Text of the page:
I’m hoping the internet will not let me down, that someone who knows more of this story will stumble across this.  If that is you, please post a comment.


Filed under Uncategorized

28 responses to “The Vanderbilt Shirt Factory – Asheville, NC

  1. Richard

    Another business that was near Asheville, and sometimes mistakenly said to have been there, was Hadley, which was in Weaverville, NC., which is a bit north of Asheville proper. Hadley made the best camel hair, cashmere, and vicuna sweaters in America for many years. My dad was in the clothing business his entire life and used to buy from Hadley for the stores he was associated with whenever he could. The son of the owner attended UNC in the 1960’s, and I think they went out of business in the 1970’s, along with lots of other textile manufacturers of the day. My biggest goof was not buying a Hadley vicuna v-neck sweater in the late ’60’s when I worked at a store that sold them and could have gotten a nice discount on one!




    • When the Asheville Mall opened in the early 70s, Hadley moved part of their operation into the old Sears building in downtown Asheville. At least the Hadley outlet was there. It closed around 1976, and it broke my heart.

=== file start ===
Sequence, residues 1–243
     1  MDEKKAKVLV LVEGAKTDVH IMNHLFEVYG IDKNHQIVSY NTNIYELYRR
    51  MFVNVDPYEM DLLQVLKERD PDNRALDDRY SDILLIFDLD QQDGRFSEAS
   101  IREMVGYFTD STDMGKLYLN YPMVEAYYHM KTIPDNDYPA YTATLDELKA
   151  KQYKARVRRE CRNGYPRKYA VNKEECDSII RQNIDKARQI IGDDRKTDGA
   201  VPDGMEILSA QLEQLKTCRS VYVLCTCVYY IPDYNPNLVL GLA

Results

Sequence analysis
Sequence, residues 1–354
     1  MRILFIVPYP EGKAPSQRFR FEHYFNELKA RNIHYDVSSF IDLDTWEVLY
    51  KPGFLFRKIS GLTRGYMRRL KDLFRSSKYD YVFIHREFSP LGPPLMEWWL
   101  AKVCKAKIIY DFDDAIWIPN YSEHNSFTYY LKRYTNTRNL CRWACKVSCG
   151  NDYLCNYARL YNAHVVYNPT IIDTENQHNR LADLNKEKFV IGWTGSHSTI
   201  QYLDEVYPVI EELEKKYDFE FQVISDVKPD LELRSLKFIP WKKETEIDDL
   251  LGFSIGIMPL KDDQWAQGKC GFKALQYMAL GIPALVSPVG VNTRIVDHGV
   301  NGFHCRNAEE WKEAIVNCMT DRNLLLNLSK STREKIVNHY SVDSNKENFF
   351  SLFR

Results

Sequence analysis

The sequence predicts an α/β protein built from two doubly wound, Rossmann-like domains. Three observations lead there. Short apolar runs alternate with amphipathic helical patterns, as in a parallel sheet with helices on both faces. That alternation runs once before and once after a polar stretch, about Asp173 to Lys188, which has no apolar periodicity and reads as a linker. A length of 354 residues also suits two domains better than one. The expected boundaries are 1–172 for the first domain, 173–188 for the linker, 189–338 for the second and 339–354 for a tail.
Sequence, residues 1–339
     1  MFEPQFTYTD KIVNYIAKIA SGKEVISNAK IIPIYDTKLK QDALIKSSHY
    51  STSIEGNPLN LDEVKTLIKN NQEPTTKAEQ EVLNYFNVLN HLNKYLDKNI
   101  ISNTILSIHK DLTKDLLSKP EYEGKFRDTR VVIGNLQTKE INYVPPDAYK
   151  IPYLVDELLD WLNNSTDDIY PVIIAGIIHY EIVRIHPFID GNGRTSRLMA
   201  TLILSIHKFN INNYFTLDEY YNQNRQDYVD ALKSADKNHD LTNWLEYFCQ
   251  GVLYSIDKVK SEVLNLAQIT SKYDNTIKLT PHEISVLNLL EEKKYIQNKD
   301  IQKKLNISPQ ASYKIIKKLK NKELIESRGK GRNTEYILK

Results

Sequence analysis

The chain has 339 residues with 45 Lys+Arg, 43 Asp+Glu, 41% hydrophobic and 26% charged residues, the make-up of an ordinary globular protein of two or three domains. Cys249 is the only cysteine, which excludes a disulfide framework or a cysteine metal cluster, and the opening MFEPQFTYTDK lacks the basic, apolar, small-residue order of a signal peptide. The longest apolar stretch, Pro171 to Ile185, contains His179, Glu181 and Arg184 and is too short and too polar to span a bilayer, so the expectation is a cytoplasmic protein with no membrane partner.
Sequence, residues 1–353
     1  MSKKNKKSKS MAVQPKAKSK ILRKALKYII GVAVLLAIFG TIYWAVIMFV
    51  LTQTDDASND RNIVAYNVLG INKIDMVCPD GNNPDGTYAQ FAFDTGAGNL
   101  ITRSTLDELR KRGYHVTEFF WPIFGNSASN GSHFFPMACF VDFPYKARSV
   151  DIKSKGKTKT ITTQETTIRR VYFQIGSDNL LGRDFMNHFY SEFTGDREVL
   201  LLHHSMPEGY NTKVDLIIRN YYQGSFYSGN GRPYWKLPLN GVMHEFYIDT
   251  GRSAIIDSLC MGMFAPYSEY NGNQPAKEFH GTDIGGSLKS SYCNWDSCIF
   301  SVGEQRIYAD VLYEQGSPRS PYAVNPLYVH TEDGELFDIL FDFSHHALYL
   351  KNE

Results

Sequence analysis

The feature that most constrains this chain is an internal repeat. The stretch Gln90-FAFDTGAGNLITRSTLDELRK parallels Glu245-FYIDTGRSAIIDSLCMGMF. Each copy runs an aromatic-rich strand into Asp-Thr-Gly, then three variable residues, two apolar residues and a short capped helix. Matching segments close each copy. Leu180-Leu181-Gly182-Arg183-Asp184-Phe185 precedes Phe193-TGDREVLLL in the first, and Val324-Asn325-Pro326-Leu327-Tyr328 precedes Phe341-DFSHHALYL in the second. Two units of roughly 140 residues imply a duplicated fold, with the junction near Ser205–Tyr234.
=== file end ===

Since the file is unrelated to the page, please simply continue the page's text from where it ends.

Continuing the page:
• Richard

        I hear you. Unfortunate that such fine businesses were unable to continue their excellent work. Today, most clothing is basically throwaway since every 5 minutes people want something new that is, for the most part, rather ugly given that people now wear cutoffs and flip-flops to church. My young daughter has been schooled in vintage wear and her friends at college today also appreciate the older styles. I am trying to get a wide collection of vintage items for her to wear and I always tell her, “these are forever items,” and I hope she understands that quality has disappeared in most of today’s clothing and that she will be able to wear vintage Hadley, Dalton, Ballantyne, Villager, Gorden-Ford/Gorden of Philidelphia, and McMullen items all her life and even pass them on to her children if she takes care of them.


  2. Incredible timing! We were just in Asheville a couple of days ago (visiting the parents) and walked by this antique mall (one of our usual haunts) and Isaac pointed out the sign. I had to confess that, even though I’m from Asheville, I’d never really noticed the sign (too focused on shopping I guess). I’m so glad YOU are able to answer his questions! 🙂


  3. I love this, Lizzie. And you’ve reminded me of a similar experience I had for a company I want to look up. I saw an old sign I had never noticed before on a downtown Grand Rapids apartment building for The Globe Knitting Works. I’m going to see what I can find out about them!

    Can you imagine still finding 1950s era Levi’s shirts? That would be amazing.


    • I hope you find all about Globe. You’ll have to do a blog post.